I’ve been doing a lot of genealogy research lately. As I do, I search many different years, states, and counties of the U.S. Census for ancestors on all sides of my family tree. Every census is different. Every year the questions change and more information is included. It seems different information is asked depending on the course of history and what the government may want to know about the population at any given time.
Each enumerator, or census-taker, is different and may fill in or leave blank different questions. The handwriting gets easier to understand the later the census was taken. It’s amazing what fancy handwriting even men had years ago. Then sometimes things are illegible because they wrote so small or so sloppy. Perhaps they did not realize how family history buffs like me would someday be trying to read their writing even if they were tired from a long day of traveling and writing.
Reading can be like searching for a needle in a haystack or digging for treasure. Often when I find family members, I will scour the pages before and after, sometimes the entire district to see if I can get one more clue to other possible family members living nearby. Since I was doing so much looking at the census, I began wondering who transcribes them. I thought it might be interesting to volunteer to help transcribe one. So I simply googled transcribe US census and found the US GenWeb Census Project, where you can choose any year and county you would like to transcribe.
I decided to start with one I was familiar with and chose 1860 McDowell County, North Carolina. I knew I had relatives there. The first page I transcribed looked like this:
All but two people on this page of forty were born in North Carolina. One was born in Tennessee, another in Virginia. Two people are listed as Black, one mulatto which stood for a mixture of anything, but usually white mixed with Native American or most commonly African-American. For occupations, I found a Clerk of Court, a stone mason, a merchant, a merchant farmer, a saddler, and a student. On the next two pages I transcribed there was a “gentlemen,” a hotel keeper, another Clerk of courts, a teacher, two physicians, and a law student.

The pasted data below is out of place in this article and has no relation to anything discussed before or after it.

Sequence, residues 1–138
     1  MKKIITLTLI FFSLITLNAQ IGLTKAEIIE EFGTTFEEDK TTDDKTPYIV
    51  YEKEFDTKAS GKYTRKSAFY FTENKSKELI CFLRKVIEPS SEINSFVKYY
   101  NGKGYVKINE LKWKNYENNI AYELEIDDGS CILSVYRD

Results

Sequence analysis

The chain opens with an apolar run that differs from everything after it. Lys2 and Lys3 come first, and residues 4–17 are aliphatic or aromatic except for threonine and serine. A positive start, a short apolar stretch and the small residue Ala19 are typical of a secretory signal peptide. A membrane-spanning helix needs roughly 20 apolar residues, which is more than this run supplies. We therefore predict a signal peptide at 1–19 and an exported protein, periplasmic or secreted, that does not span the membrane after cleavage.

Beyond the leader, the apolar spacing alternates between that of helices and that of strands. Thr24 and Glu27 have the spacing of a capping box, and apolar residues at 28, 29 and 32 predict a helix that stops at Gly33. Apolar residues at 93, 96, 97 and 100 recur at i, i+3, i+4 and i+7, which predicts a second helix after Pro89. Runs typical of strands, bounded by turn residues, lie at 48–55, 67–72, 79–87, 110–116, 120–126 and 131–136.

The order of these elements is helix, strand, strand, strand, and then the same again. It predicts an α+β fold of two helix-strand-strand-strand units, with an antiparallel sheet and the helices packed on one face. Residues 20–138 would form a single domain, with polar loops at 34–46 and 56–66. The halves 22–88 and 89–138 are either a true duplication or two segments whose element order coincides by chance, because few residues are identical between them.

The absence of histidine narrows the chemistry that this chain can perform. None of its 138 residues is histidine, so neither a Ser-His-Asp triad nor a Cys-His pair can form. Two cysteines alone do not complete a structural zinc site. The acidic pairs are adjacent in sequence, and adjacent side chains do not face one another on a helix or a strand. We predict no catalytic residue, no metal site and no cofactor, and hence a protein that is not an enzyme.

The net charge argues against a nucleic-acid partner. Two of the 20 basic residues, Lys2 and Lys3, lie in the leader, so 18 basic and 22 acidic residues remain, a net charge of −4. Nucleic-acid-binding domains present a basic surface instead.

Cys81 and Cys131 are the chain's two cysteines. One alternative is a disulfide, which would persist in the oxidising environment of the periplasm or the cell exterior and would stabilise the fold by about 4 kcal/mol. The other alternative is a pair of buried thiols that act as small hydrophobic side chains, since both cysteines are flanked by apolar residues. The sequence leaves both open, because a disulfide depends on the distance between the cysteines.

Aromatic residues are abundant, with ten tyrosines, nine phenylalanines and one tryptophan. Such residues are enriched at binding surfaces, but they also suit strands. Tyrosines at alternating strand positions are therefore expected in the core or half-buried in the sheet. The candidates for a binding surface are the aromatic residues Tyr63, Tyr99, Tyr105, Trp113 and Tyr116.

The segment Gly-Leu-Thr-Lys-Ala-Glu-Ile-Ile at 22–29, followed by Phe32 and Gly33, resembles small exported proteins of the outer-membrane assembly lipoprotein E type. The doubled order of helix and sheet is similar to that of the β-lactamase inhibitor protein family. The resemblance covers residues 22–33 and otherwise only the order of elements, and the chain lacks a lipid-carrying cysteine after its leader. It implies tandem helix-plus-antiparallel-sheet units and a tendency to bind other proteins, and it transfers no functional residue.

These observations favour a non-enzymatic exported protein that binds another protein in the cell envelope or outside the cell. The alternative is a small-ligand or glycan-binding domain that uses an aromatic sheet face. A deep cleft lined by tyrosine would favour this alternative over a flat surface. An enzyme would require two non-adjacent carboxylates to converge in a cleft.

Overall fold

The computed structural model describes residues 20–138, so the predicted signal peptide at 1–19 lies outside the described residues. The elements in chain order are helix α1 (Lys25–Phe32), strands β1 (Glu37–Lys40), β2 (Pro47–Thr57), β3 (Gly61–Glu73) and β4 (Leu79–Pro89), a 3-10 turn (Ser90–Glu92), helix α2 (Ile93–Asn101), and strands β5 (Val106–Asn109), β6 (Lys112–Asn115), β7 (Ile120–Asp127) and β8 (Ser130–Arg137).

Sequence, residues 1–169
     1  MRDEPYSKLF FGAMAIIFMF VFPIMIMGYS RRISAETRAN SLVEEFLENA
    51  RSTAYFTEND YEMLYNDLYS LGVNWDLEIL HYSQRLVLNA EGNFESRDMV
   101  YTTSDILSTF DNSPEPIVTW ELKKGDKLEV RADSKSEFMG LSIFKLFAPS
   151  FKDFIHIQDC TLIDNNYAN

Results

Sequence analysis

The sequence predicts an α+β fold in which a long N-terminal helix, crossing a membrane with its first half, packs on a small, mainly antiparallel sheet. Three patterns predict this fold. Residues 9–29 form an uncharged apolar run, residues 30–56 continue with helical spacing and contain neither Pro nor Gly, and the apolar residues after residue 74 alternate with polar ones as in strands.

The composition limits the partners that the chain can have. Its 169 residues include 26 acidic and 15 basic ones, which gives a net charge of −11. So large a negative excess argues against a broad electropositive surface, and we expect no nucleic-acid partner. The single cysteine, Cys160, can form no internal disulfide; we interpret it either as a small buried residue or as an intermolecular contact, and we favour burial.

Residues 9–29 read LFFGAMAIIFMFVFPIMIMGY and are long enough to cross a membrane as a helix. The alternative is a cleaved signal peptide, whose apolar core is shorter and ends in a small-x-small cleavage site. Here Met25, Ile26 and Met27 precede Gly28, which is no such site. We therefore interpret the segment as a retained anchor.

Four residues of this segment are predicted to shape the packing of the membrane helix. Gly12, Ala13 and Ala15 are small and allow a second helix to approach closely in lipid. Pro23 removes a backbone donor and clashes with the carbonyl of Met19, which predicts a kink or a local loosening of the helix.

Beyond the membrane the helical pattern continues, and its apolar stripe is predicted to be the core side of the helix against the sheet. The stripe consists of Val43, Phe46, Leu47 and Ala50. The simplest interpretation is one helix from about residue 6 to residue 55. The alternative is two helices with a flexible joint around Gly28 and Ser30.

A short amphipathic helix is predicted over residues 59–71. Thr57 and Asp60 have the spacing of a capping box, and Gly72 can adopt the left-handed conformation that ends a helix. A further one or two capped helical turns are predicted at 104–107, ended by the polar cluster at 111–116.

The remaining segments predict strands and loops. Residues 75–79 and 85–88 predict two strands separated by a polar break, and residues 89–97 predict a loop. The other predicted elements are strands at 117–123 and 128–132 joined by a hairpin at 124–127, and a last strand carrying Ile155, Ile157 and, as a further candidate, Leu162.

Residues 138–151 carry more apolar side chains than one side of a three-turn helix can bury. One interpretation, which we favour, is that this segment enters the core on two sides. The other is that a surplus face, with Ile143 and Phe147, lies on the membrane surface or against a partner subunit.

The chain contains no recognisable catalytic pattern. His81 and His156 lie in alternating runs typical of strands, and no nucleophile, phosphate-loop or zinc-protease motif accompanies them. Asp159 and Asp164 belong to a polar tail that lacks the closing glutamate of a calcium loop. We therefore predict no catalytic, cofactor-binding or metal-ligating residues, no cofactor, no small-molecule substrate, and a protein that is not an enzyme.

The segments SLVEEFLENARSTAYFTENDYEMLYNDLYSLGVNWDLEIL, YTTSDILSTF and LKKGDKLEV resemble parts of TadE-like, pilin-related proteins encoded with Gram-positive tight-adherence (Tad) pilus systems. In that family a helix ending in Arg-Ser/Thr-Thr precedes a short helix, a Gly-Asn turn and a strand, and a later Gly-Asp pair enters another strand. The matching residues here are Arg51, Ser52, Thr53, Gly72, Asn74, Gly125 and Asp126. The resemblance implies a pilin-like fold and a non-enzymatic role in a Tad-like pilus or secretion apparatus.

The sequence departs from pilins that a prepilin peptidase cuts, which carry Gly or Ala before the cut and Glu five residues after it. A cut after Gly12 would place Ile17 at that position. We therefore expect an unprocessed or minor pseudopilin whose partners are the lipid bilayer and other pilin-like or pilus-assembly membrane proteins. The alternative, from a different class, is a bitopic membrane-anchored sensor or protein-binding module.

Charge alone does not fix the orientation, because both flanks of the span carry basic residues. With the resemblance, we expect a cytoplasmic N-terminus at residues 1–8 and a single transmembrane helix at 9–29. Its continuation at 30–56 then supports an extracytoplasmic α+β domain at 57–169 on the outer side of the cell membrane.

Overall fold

Transcribing the census can be easy and it can be hard. Sometimes names come easily. At other times, you can stare and stare and not be able to make out the letters. Still others, you look at it and see two choices-which one is it is the question. I have read the hardest part is not making corrections to your relatives’ names. “We are transcribors,” I am told, “not editors.” I have not gotten that far yet, but we shall see when the time comes.
I like transcribing the census because it gives me a sense of the time my relatives lived, whatever year it might be, and of the community they lived in. I can picture the settings for places I have visited and imagine what it might have been like so long ago. It also gives you an excuse to go through the census page by page, name by name, to see if any other relatives are listed in the area as well. You never know what clues you may find. Who knows? When I finish this one, I may choose another year in another area to transcribe and help others gain access to the census.
If you are interested in transcribing a small portion of the US census, visit USGenWeb Census project to see what’s involved. It doesn’t matter if it takes you a month or ten years to complete and it is very interesting.